In 2007, he was arrested for possession of drug paraphernalia. As a student at Pima college, Loughner posted a video online that school administrators considered so disturbing they suspended him from school. According to the NY Times, school officials met with Loughner and his parents and told them he would need “mental health clearance” in order to return to classes. Former classmates said he was prone to outbursts during those classes. One student, Linda Sorensen, told the Arizona Daily Star that Loughner was “obviously very disturbed” and described his outbursts as “nonsensical.” Loughner’s MySpace page has been removed from the site by investigators, but prior to that removal, Loughner had posted a message at 5AM on Saturday: “Goodbye…Dear friends … Please don’t be mad at me.”
According to Fox News, the Department of Homeland Security has released information to state officials suggesting Loughner may have been influenced by American Renaissance, a group he made reference to in some internet postings. According to DHS, “The group’s ideology is anti government, anti immigration, anti ZOG (Zionist Occupational Government), anti Semitic,” and promoted a “variety of white racial positions.” At this writing, Loughner has refused to cooperate with investigators.
The dead have now been identified: U.S. District Judge John Roll, 63; Christina Greene, 9; Giffords aide Zimmerman, 30; Dorothy Morris, 76; Dorwin Stoddard, 76; and Phyllis Scheck, 79. The names of the wounded have been withheld pending notification of relatives. While there is no evidence of a broader threat, members of Congress have been advised to take “reasonable and prudent precautions regarding their personal safety and security” by U.S. Capitol police. The House Sergeant at Arms also said “it is essential” that lawmakers register their home and office addresses with local police.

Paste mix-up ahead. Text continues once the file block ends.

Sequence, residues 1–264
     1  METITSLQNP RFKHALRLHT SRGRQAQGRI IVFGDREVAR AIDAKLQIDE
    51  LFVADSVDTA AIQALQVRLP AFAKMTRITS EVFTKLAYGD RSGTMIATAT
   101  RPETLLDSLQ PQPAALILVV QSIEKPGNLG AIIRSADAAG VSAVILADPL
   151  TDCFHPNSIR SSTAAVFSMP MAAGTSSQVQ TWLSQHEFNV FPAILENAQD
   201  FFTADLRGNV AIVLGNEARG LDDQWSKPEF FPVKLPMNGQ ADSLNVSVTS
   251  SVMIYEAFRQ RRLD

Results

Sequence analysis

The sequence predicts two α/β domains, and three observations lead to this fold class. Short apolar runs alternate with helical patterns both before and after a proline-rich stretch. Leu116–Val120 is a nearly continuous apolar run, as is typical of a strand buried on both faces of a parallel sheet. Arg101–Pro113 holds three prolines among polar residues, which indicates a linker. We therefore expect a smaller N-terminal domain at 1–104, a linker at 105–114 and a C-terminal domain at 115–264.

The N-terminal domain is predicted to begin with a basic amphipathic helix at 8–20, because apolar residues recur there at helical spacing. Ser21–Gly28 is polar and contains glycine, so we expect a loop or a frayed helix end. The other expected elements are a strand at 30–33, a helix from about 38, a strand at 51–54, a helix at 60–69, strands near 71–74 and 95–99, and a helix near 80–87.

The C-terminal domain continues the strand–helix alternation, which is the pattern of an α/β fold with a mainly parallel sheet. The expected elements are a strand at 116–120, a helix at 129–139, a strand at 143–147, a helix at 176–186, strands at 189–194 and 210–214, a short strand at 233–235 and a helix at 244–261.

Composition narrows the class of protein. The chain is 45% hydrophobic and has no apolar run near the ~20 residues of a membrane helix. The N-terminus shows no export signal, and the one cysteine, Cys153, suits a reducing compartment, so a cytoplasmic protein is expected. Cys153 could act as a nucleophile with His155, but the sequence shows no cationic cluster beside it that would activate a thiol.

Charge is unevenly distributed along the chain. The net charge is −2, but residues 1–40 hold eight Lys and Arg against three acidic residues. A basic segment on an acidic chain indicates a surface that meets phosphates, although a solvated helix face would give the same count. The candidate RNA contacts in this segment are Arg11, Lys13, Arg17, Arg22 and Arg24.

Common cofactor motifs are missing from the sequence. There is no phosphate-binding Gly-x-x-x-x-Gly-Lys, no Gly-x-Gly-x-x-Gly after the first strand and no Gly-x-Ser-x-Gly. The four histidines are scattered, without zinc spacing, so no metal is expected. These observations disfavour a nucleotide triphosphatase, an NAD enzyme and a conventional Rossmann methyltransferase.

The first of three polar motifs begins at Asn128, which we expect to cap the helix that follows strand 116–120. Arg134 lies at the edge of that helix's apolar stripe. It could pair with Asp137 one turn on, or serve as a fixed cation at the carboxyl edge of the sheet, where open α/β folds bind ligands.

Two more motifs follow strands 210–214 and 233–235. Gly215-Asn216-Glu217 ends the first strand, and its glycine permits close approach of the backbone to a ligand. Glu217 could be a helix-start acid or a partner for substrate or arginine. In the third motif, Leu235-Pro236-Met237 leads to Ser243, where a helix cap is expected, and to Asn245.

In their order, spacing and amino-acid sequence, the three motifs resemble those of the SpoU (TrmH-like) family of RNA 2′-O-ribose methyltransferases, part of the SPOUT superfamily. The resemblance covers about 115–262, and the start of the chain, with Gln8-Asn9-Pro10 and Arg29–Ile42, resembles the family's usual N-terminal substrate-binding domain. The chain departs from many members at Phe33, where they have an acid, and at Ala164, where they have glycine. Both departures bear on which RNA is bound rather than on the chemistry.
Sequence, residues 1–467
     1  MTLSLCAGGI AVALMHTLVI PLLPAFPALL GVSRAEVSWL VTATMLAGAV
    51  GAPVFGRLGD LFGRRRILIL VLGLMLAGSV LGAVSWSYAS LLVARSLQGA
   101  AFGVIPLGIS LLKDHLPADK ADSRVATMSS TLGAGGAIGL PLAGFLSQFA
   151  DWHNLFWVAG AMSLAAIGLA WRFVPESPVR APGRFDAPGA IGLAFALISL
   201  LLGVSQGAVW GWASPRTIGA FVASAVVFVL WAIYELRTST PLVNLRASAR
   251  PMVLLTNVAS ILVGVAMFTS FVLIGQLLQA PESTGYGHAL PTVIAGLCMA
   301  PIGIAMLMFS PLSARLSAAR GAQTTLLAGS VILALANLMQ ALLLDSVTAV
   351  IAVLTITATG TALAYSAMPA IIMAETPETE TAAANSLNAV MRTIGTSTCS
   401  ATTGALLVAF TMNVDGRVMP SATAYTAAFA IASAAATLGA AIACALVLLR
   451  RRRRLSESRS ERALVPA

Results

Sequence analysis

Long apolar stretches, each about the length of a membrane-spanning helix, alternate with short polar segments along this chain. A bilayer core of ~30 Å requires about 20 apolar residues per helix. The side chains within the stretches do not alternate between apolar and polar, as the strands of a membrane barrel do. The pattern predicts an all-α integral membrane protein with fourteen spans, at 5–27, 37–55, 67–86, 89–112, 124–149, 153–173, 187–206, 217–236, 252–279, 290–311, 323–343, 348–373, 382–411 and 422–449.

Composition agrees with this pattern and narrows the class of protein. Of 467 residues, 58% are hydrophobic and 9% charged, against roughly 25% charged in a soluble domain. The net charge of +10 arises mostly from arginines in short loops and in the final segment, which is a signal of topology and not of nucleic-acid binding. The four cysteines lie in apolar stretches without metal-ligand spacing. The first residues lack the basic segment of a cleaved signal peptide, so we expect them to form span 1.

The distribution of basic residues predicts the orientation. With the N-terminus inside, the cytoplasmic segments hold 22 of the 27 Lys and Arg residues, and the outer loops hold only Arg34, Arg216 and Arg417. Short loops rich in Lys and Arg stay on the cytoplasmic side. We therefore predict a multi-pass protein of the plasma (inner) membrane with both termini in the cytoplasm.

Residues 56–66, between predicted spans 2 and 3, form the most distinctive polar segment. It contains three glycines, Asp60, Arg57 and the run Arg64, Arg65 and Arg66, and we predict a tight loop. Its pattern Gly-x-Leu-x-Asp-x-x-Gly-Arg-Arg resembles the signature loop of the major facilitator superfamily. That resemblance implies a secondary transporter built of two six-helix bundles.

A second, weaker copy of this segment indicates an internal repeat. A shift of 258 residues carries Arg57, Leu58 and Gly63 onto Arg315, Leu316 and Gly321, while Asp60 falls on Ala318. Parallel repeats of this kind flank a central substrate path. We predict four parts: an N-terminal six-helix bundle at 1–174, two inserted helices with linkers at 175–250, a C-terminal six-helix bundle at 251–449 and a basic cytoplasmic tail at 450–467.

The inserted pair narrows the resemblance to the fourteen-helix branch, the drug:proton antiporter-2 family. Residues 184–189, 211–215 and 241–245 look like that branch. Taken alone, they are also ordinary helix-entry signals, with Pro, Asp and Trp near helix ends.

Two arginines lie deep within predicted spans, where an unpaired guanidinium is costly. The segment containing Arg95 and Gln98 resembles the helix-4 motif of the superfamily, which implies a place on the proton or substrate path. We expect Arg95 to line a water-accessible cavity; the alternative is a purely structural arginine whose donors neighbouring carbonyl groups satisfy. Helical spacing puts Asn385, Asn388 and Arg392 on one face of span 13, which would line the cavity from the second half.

Authorities have refused to provide details regarding the aforementioned second suspect, but indicate he was in “close proximity” to the store where the shooting took place. The carnage might have been worse were it not for the bravery of two people who tackled the alleged shooter, armed with a 9mm Glock outfitted with a 30-round magazine, according to police.
These are the facts of the case as they are currently known. All of the misinformation disseminated by the media, which initially reported that Ms. Giffords had been killed–based largely on what people were Twittering from the scene–as well as all of the political vitriol that inevitably attends such an incident, is disturbing. With regard to the media, it seems more and more that “getting it first” has become more important than “getting it right.” Perhaps that is the greatest casualty of 24/7 news cycle in which ratings are the primary consideration.
As for the ocean of political vitriol, it seems America has reached a point where virtually everything must be filtered through an ideological lens in which common sense and common decency are in critically short supply. Anyone who can attribute a particular motive to the alleged shooter at this point in time is speculating at best, and embracing the lowest kind of partisan political manipulation at worst. Six people are dead, and a Congresswoman hailed as a wonderful person by all of her fellow legislators–on both sides of the aisle–is fighting for her life.
Here’s hoping for her full recovery.